Shipping costs through the U.S. Postal Service went up roughly 10 percent last month, and it’s putting a strain on retailers dependent on strong online sales. In some cases, the rate increase constitutes a huge increase in expenses for companies, cutting into revenues and raising the cost of doing business online.
Consumers can expect those costs to be passed down the chain from retailers to shoppers. That won’t curry much goodwill among online audiences, and it presents a window of opportunity for retailers looking to drive brick-and-mortar business.
As Internet Retailer reports, the average rate spike on USPS Flat-Rate boxes and other shipping boxes is 9.5 percent. It’s the first such increase on commercial Priority Mail in three years.
The biggest headache figures to revolve around retailer offers of free shipping for orders. Brands that currently offer no-cost shipping — even at certain thresholds — are eating that cost to create a more consumer-friendly experience. Now that this cost is increasing, retailers have to choose between eating the cost and watching revenues dip, or passing on that cost to consumers.
Neither scenario is good for online retail.
As Online Adapts, In-Store Gains Leverage
Retailers looking to nurture the in-store retail space have reasons to be optimistic, even if they also have online shopping outlets affected by the price hike. Even if the consumer impact is minimal, shoppers should be a little more motivated to shop at physical locations, instead of doing business online.
With less incentive to shop online, in-store retail can target dismayed consumers by emphasizing the quality of their shopping experience, tapping into other pain points and consumer motivations to try and wrest some of the retail market from the online realm.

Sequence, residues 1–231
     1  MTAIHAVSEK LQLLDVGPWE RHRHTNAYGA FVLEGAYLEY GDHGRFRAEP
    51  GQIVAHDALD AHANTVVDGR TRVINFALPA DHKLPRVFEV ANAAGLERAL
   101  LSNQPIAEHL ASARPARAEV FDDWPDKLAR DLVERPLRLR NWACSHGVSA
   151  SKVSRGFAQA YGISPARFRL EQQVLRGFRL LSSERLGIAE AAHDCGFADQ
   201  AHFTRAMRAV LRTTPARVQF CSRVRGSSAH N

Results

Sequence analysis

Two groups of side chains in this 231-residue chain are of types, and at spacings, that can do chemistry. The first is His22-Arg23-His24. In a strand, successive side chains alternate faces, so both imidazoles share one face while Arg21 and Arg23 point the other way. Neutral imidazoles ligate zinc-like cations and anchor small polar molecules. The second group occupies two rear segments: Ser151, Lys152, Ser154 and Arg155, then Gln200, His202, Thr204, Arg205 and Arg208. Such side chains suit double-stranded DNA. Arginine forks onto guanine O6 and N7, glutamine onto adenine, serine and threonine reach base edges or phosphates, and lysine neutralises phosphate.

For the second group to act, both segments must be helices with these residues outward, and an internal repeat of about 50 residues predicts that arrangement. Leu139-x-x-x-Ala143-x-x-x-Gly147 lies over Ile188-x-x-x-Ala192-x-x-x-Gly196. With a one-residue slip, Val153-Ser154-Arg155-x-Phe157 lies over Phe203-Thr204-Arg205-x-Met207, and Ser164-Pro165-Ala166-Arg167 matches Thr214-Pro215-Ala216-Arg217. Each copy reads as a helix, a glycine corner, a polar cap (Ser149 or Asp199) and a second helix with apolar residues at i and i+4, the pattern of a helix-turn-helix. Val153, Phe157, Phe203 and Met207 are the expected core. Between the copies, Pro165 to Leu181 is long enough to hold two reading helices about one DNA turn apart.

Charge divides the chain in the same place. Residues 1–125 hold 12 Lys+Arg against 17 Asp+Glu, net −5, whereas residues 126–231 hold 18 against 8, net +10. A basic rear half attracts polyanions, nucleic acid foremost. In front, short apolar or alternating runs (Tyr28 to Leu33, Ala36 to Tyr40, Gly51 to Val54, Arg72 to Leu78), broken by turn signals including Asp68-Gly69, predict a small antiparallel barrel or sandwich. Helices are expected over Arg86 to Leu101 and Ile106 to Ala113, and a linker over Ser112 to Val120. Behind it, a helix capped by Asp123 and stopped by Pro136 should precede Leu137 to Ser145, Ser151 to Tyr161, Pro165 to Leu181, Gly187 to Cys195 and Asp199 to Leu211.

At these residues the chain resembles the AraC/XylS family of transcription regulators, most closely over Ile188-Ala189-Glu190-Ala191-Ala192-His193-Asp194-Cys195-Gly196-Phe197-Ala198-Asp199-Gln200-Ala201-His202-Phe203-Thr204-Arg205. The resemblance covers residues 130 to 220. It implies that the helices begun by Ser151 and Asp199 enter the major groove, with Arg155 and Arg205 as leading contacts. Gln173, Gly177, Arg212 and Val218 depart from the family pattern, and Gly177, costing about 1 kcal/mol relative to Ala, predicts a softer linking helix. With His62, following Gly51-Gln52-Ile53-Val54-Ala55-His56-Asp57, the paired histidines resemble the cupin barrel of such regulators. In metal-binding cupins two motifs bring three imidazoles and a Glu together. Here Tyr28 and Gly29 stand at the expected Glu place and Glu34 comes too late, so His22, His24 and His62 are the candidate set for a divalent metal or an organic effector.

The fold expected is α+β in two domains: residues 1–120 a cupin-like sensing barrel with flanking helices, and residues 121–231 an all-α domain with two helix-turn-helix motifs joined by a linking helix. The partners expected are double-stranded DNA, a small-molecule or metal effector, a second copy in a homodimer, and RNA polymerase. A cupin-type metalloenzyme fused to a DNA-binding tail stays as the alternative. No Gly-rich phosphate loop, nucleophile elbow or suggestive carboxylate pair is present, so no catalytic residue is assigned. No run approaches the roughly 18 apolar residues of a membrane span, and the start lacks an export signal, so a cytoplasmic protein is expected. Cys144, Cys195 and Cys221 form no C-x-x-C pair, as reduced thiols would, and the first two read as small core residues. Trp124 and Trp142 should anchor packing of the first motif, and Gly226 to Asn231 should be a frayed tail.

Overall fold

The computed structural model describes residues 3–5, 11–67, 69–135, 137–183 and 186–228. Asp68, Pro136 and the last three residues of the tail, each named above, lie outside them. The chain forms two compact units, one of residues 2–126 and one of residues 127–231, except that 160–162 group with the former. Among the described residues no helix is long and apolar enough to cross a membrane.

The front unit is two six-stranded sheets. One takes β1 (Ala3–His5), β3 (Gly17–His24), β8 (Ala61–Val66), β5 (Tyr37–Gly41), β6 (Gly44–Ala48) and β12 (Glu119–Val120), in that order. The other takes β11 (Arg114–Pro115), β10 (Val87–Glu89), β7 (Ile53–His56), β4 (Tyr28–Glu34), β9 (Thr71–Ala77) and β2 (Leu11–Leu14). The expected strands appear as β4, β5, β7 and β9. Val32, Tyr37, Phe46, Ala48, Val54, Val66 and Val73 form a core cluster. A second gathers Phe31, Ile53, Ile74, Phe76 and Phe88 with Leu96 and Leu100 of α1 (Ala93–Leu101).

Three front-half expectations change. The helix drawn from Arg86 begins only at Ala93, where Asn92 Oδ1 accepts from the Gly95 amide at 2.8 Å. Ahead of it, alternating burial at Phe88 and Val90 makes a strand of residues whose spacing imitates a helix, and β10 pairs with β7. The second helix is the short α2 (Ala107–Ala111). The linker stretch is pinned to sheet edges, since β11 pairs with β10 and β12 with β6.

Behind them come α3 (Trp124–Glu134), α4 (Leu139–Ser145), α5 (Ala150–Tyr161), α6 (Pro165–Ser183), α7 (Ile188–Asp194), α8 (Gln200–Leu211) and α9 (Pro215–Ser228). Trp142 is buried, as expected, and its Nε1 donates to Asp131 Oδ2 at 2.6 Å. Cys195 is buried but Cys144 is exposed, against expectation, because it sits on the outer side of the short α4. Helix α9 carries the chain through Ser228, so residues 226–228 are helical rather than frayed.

One of online retail’s greatest selling points is the lower prices and expedited shipping it can offer by cutting out the overhead of doing business at physical locations. The shipping increase on its own won’t tip that scale in favor of in-store retail, especially when large online sellers can negotiate their own special rates and contracts with shipping providers.
But it could balance out competition just enough that other factors take on greater importance. Customer service and the overall brand experience figure to move into a more central role. And, with retailers already reinvesting resources into a better in-store experience, brick-and-mortar stores could be positioned to win this next round in the retail war.
To seize this opportunity, retailers will need to focus on bolstering the in-store experience with new features and mobile technologies that distinguish in-store from online retail. The Postal Service’s increased rates don’t spell the end of online shopping, and for most online brands, the complications will be only temporary.
Nonetheless, the rate hike props open a door for brick-and-mortar shops. Time will be of the essence.
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